By Michael Giles
WE don’t want to go back to the bad old days when local government was all about roads, rates and rubbish.
The needs of country communities and the responsibilities of the local council have become a lot more complex in recent times, ranging from health services, business development, aged and disability services, family and youth, advocacy, community facilities and more.
They’re a one-stop government agency now, and we need many of these services, but the fact is that Local Government is now trying to be all things to all people and it’s getting out of control.
They’ve agreed to take on, or been forced to take on, more and more services but with less and less in the way of government financial support.
And while it’s operating outside the State Government or Federal Government tent, it’s often the first to feel the pinch.
The huge workforce that’s needed locally to deliver these services is becoming more expensive to run and there seems to be no way to wind it back.
The result of having a more expensive workforce and an erosion of income is that the staff end up making more plans and delivering fewer services and infrastructure improvements, because there’s no money left.
You only need to look at last week’s Bass Coast Mayor’s Message to see that shires now list the completion of their strategy plans and reviews as actual achievements.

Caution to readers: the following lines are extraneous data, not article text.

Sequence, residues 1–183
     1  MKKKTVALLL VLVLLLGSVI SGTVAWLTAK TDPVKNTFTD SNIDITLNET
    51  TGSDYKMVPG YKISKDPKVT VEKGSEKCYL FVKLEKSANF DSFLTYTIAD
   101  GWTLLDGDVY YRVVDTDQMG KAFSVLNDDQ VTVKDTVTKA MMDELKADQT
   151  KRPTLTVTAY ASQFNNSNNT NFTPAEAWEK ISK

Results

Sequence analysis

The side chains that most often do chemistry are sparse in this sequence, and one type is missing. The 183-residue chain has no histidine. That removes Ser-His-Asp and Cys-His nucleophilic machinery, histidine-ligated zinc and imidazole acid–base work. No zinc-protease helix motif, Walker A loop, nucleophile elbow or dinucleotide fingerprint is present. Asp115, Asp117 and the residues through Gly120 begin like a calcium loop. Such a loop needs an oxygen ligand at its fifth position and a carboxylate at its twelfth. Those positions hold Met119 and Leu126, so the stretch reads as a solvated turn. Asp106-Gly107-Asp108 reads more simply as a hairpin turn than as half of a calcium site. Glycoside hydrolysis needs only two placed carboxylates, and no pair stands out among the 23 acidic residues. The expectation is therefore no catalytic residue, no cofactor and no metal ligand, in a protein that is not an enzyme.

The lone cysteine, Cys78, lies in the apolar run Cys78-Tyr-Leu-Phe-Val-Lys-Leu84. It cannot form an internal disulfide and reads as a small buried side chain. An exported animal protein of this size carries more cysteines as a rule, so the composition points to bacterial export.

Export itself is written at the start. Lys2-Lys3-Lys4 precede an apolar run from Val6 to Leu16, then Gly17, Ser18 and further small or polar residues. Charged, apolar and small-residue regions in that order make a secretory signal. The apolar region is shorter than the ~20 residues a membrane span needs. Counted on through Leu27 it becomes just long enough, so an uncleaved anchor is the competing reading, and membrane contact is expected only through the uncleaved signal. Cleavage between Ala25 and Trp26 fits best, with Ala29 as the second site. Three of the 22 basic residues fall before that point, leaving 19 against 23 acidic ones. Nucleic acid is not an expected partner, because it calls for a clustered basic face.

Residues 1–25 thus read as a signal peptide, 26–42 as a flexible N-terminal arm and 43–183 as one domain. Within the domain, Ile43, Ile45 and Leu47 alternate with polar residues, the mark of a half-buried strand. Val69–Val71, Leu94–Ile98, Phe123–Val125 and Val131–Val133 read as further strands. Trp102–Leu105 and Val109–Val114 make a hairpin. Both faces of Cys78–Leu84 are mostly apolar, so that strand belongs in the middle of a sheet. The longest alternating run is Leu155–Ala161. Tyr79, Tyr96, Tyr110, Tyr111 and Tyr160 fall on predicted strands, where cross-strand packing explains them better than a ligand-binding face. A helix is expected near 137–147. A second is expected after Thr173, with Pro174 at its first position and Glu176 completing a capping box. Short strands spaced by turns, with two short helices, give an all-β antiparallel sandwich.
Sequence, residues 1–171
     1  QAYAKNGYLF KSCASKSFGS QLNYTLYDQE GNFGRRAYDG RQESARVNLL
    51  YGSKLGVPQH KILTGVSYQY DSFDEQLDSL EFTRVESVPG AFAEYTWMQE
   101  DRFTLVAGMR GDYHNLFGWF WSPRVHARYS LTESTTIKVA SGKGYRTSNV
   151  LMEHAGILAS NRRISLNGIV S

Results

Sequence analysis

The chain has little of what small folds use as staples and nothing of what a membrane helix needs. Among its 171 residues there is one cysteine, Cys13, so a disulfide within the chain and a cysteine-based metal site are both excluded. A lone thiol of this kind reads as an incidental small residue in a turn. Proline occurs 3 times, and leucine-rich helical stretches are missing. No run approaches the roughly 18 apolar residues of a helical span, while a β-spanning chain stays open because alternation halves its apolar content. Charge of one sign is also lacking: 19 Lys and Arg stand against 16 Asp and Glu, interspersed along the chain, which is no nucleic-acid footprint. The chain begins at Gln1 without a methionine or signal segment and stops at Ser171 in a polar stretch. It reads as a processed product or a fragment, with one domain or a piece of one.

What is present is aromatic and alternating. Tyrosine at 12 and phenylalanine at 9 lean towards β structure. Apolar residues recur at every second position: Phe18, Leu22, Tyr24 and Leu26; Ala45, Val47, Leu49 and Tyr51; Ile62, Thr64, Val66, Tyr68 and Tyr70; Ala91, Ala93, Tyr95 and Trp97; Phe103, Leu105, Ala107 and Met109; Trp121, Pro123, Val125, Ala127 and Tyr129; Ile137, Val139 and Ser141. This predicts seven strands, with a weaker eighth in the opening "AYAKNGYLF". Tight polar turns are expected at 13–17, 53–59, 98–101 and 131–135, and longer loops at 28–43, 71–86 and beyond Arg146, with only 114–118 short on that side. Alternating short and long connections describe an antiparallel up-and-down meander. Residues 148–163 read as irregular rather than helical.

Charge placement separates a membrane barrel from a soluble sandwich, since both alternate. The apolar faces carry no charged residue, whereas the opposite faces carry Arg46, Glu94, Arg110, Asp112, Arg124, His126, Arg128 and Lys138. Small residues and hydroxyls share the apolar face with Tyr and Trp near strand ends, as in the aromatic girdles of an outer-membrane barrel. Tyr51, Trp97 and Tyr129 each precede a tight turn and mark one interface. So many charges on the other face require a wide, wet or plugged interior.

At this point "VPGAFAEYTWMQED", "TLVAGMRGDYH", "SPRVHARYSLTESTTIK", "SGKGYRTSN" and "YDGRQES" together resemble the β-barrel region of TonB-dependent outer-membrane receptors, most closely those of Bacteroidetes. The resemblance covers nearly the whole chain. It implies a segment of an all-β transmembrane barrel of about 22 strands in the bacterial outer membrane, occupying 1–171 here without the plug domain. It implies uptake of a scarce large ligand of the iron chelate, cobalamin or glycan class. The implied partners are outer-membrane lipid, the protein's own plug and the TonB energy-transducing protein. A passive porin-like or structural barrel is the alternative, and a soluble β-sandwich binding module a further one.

And they’re not on their own in Bass Coast.
How many different plans have we seen for Korumburra, without action, in the past 10 years for example – with the notable exception of the Karmai Children’s Centre?
In Bass Coast, they have been so bound-up delivering rusted on services without sufficient income that almost nothing new gets done.
Something is seriously wrong with the fundamentals of local government, in country areas in particular, which is why rates have been going up and up and up.
And it won’t be enough for the Andrews Government to tinker around the edges with a rates cap and some relatively minor changes to local government regulations.
The problem goes a lot deeper than that and it’s time for root and branch reform of a sector that was designed to deliver services back in the 1800s.
We saw the symptoms of the problem late last week when our rate notices arrived with big increases but it’s the underlying sickness that needs the attention.
Ordinary wage earners simply cannot go on paying more and more, year after year. And they shouldn’t be expected to pay more than their city counterparts who are paying less than half in rates.
When will those in the ivory towers in Leongatha, Wonthaggi, Spring Street and Canberra finally wake up?